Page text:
The United States noticed. U.S. weightlifter Bill Starr told Sports Illustrated in 1969 that American athletes “are usually a long way behind the Russians in drug use.” The 23 athletes who tested positive at the 1976 U.S. Olympic track and field trials suggested that without either a formal pharmaceutical program to measure doses or a test facility devoted to making sure no one was caught, American doping was, indeed, an ad hoc mess.

The communist athletic space race delivered. At the 1960 Rome Olympics, the U.S.S.R. took home 103 medals to 71 for the United States. In Munich in 1972, the Soviets bagged 50 gold medals to the Yanks’ 33. At the 1976 Montreal Olympics, the U.S.S.R. and East Germany took 215 medals to the United States’ 94.

Congress responded with the Amateur Sports Act of 1978, a law that assigned all Olympic organizing authority to the U.S. Olympic Committee. The act paid for the country’s newly focused Olympic efforts by granting the USOC the right to license the Olympic symbols to corporations. This financial structure created tension between sponsors who used the Olympics to polish their brands and an increasingly aggressive anti-doping bureaucracy whose actions scandalized athletes and fans.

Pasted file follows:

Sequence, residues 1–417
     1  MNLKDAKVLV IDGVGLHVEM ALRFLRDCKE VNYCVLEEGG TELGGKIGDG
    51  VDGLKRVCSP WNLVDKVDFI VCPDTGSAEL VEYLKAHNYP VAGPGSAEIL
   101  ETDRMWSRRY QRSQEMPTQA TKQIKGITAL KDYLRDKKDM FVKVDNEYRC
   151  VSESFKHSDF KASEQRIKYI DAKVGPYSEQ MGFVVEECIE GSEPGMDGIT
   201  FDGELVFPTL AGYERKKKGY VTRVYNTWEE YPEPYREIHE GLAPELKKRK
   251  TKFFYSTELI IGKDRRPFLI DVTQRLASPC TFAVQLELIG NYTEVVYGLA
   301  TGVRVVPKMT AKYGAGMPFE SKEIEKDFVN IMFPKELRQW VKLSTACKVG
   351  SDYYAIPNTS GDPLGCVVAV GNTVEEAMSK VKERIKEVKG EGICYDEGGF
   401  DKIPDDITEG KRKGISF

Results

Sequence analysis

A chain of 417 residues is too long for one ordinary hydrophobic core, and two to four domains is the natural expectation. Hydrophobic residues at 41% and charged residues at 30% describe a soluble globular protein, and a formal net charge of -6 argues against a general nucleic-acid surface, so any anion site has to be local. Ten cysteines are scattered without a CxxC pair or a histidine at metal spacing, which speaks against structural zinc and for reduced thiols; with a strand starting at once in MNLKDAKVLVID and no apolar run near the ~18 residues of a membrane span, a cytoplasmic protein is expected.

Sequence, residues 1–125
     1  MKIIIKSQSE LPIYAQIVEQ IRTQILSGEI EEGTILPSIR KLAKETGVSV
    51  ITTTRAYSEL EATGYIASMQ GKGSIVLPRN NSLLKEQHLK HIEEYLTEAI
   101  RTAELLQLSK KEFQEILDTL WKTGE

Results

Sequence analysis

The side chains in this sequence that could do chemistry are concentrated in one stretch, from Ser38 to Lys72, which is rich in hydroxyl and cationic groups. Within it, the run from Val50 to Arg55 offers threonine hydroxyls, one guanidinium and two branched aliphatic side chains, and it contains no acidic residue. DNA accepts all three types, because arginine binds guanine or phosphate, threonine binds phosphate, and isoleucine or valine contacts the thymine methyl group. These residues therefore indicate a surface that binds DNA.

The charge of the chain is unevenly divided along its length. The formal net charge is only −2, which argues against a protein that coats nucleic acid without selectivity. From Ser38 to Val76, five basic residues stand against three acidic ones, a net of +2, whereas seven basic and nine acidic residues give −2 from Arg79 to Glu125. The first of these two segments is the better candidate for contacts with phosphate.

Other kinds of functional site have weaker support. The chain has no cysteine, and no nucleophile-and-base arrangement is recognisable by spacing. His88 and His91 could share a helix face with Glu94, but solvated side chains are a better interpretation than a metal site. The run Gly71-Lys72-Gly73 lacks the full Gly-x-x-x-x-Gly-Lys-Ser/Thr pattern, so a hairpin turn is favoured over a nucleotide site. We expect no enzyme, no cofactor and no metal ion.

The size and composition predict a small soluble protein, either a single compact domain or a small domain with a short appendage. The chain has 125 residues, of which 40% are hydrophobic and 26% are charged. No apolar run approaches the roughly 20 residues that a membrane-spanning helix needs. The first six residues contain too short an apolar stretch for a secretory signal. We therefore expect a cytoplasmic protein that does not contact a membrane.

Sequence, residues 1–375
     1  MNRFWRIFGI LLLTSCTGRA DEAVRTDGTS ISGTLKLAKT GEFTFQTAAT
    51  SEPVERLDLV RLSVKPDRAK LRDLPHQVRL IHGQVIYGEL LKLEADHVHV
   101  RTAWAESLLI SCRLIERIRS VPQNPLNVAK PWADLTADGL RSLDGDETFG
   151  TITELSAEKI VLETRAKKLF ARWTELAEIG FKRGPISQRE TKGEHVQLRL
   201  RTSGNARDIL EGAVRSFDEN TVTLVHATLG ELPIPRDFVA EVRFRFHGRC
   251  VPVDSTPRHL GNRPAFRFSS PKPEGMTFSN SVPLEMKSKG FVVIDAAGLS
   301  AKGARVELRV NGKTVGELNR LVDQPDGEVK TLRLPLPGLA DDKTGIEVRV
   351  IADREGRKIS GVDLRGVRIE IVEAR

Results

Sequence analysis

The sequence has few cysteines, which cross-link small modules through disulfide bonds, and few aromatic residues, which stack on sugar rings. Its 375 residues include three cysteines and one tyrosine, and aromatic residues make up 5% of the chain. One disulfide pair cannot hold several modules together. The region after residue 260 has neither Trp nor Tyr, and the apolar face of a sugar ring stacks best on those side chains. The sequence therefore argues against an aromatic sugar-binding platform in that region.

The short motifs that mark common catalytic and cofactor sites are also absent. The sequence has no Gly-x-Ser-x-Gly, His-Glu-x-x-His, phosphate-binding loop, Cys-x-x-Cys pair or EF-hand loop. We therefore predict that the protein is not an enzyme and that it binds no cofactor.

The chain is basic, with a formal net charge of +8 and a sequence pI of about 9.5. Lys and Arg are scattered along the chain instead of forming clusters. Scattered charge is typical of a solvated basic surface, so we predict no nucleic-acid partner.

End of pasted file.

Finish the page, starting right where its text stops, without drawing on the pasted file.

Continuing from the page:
The growing anti-doping forces exercised their clout at the 1983 Pan American Games in Caracas, Venezuela, where drug-testing machines popped 15 competitors. Word of the positives sent 12 American track and field athletes packing before ever putting a spike on the track.

Wanting to avoid similar awkwardness at the Los Angeles Olympics in 1984, the USOC screened U.S. athletes at UCLA’s lab before the Games. Because the tests were informational and not official, of the 86 Americans who were positive, only two were denied spots on the Olympic team. During the final week of the Games, some 20 medal winners, many from track and field disciplines, tested positive. When a document linking athletes’ names to the urine samples mysteriously disappeared from an IOC hotel room, the doped victors kept their medals. In 1999, IOC scientist Arnold Beckett told the BBC that the Olympic committee was making a show of “trying to prevent drug misuse in sport. But please don’t get too many positives, which will tend to damage the image of sport.” IOC medical director Alexandre de Merode said he was reluctant to speak about the 1984 scandal because “it would perhaps destroy credibility.”